Climate Change as Religious, Ethical, and Political
Interfaith Reflections with Emphasis on U.S. Catholicism
Presentation by Daniel R. DiLeo, Ph.D.
4:30 to 5:30 p.m.
Wednesday, October 16, 2019
Quad 264, Saint John’s University
Dr. Daniel DiLeo will explore climate change as a religious, moral, and political issue with focus on the Catholic tradition. He will begin by describing how Judeo-Christian ethics generally and Catholic social teaching specifically are responses to relationship with God and thus essential to the fullness of faith. Next, Dr. DiLeo will outline the existential threat of climate change. He will then present religious communities’ theological, ethical, and political responses to climate change and conclude by suggesting why these teachings have not been embraced by the U.S. Catholic Church in ways commensurate with the climate crisis.
Daniel R. DiLeo, Ph.D., is assistant professor and director of the Justice and Peace Studies Program at Creighton University. Since 2009, he has served as a consultant with Catholic Climate Covenant of which the U.S. Conference of Catholic Bishops, Catholic Relief Services, and Catholic Charities USA are founding members. His research focuses on Catholic social teaching and climate change and in 2018 he published the edited volume All Creation Is Connected: Voices in Response to Pope Francis's Encyclical on Ecology (Anselm Academic). Dr. DiLeo earned his Ph.D. in theological ethics with a minor in systematic theology from Boston College and wrote his dissertation on Pope Francis’s encyclical Laudato Si’ and public theology.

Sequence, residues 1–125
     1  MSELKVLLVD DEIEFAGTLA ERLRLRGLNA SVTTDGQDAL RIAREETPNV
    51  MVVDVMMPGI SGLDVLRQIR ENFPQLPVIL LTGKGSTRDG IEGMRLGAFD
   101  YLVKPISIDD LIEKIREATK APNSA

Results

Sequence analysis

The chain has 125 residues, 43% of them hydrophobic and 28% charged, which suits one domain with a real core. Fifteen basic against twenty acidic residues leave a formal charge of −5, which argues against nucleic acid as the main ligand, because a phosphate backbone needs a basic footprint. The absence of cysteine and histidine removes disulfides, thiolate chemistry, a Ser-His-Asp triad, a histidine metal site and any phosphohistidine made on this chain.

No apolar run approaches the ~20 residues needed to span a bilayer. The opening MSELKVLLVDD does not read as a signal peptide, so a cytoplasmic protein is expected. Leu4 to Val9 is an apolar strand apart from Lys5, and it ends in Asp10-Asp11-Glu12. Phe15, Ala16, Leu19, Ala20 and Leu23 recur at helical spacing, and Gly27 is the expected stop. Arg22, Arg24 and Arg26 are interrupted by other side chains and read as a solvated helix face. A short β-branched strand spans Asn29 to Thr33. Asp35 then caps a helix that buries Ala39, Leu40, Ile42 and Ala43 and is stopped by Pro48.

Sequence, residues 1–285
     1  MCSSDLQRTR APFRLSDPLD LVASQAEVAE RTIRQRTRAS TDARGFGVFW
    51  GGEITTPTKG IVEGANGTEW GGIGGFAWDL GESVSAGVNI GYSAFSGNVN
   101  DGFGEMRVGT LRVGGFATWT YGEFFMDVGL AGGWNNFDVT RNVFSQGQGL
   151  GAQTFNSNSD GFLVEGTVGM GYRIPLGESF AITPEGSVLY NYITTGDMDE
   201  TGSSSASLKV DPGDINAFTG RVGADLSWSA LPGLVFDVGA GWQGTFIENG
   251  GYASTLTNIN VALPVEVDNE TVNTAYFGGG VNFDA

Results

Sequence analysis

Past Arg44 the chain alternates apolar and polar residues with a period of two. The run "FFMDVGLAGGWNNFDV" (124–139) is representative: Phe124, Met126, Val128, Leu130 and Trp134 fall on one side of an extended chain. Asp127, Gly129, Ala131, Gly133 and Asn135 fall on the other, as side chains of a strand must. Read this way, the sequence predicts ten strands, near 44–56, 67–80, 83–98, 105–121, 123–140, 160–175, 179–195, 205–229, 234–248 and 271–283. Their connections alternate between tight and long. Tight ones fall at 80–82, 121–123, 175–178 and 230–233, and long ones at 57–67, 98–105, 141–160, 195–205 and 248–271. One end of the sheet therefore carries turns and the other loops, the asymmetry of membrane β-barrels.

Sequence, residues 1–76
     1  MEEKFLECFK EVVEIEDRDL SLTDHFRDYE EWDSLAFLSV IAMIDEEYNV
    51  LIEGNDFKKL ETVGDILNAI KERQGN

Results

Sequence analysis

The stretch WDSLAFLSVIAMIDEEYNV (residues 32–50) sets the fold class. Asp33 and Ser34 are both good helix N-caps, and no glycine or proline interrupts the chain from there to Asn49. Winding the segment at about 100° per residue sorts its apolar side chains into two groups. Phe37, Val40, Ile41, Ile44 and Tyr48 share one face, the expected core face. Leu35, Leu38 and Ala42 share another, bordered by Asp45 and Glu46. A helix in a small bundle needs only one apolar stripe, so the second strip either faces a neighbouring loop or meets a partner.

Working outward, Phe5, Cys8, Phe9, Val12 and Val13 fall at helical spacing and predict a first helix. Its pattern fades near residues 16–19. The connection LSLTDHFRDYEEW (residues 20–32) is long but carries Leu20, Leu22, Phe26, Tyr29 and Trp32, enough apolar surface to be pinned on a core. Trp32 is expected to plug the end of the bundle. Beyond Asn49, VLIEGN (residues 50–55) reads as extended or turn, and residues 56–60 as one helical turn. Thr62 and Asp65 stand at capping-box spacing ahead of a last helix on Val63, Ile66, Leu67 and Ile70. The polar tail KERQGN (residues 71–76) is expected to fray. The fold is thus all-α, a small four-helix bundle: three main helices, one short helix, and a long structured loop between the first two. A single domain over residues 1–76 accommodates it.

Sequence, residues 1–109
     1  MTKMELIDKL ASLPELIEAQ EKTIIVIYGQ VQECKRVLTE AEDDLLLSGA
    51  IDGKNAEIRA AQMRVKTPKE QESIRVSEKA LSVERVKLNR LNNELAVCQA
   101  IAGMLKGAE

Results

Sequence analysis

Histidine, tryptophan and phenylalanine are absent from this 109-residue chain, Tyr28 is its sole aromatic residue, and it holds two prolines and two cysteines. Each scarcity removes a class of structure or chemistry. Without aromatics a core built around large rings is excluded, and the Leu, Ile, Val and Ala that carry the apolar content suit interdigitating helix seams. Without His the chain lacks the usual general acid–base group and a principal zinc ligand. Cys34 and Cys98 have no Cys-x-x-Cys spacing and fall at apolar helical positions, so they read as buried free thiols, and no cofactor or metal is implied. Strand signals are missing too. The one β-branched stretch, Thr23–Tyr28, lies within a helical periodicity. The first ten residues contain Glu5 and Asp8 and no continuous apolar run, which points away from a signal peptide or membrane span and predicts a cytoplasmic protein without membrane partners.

Sponsored by the Jay Phillips Center for Interfaith Learning
and the Nicholas and Bernice Reuter Professorship in Science and Religion